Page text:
Big Rube was one of the most influential people to me in as far as putting poetry in his music. Of course his voice is crazy, but it’s the power of what he’s saying; it was like the sentiment of the entire song but in poetry format. He summed that song up in a poem — it just kinda topped the song.
You mentioned Bobby Womack and the Dramatics. Were they groups your parents would play when you were a kid?
I would say my parents played more Temptations, Luther Vandross, New Edition, things like that. My grandmother played more the blues, like B.B. King and Betty Davis, and I found what I liked in between all of that. I was just going to Good Vibration and F.Y.E. and standing in the soul section and standing in the blues section and picking up the Etta James and the Mahalia Jackson albums, and you could only listen to 30 seconds of it back then, and then going from Willie Hutch to listening to the Foxy Brown theme and seeing how much music he was behind.
B.B. King is also on your album. What was it like meeting him artist to artist?
Super surreal. It’s like when you walk into the room and you see somebody and you turn around and it looks like nobody else sees it. I remember walking in and seeing him, he was just sitting there chilling, and then he started talking about the song [“Praying Man”] and told me stories about touring and Eric Clapton and performing at the Grammys and how I needed to stay true to myself. He seemed excited about the song, too, which meant a lot to me. It wasn’t like I was trying to make a hip-hop song featuring B.B. King. I wanted to make a hip-hop song with that blues feel. And he offered to play guitar on the song, which I hadn’t asked him. He just picked up the guitar and started playing in the key the song was in.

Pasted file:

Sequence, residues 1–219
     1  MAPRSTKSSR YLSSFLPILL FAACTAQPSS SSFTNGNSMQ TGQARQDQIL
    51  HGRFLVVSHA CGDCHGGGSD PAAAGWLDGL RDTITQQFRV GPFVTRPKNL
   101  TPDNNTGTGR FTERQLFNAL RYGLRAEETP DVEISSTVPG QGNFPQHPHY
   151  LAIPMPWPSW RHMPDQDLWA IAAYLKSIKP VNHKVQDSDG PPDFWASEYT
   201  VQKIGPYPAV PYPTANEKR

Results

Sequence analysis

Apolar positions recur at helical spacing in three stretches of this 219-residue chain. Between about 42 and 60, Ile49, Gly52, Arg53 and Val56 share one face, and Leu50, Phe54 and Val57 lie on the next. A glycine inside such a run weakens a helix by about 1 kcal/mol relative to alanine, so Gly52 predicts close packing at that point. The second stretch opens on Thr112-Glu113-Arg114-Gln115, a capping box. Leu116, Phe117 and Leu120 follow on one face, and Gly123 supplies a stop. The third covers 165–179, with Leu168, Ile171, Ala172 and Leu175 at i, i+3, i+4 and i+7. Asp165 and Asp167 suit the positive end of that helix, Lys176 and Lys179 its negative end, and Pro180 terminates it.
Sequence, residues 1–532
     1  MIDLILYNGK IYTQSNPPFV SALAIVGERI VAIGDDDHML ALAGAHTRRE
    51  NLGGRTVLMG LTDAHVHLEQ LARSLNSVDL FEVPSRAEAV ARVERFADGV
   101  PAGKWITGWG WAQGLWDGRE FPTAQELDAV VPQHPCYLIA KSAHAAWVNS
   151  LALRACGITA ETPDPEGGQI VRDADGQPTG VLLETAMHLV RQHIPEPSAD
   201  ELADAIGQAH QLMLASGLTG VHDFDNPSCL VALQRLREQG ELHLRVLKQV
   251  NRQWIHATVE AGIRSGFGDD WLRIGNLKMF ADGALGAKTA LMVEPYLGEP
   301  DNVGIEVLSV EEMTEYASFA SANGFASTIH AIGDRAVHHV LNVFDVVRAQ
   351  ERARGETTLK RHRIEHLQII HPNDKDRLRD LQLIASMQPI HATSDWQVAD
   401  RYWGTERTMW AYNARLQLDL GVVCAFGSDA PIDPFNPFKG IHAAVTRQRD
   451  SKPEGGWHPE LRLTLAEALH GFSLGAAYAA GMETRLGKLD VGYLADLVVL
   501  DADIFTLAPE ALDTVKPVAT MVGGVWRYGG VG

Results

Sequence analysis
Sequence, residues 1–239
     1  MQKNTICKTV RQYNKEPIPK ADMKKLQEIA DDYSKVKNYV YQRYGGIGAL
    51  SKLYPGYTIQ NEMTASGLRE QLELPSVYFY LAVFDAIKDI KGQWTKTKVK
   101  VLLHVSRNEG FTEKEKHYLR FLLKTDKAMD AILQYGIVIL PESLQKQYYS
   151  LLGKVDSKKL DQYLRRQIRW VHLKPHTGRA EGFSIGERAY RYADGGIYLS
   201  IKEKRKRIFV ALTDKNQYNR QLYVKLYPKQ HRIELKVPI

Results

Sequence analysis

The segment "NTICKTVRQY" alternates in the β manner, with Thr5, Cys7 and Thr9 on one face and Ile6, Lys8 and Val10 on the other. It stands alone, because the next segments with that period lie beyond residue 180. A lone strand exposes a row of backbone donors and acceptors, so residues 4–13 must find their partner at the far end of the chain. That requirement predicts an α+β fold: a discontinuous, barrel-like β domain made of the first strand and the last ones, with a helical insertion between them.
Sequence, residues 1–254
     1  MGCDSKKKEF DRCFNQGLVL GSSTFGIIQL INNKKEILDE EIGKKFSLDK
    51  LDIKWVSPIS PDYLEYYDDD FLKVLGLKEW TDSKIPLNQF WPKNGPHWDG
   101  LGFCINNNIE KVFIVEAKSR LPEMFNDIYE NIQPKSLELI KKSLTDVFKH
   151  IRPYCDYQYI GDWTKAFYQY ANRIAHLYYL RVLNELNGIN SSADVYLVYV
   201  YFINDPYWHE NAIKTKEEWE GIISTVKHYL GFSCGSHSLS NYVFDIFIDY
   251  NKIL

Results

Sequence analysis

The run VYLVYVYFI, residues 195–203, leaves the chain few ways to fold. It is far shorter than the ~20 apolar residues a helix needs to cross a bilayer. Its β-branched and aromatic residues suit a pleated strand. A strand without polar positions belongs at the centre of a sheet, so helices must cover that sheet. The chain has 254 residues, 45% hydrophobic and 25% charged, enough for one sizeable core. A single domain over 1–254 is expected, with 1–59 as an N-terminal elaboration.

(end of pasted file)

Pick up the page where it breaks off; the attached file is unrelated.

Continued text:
You said your parents played a lot of New Edition. Were you a fan of new jack swing?
Of course, just because my parents was playing it and being a young kid I was going to dance to it. But growing up, I don’t really remember much about it. That might come from me and sampling, ’cause I don’t sample so much now but there was a time when I found the music I did like to sample and it wasn’t so synth heavy. It was more guitar based so I could chop up the grooves a little. But the synths was harder to chop up. And there wasn’t so much air in those new jack swing songs. Back in the day the old school songs would let the music ride for two or three minutes after they finished singing.
You talked about Big Rube’s influence on you, but why do so many rappers prefix their name with “Big”?
I think it’s a traditional thing as far as southern hip-hop is concerned, ’cause you got Big, Slim, Young, and you got Lil’. To be honest with you, it was just something I grew up knowing about as far as just southern hip-hop and its traditions. That was a characteristic of me being a dude from the south.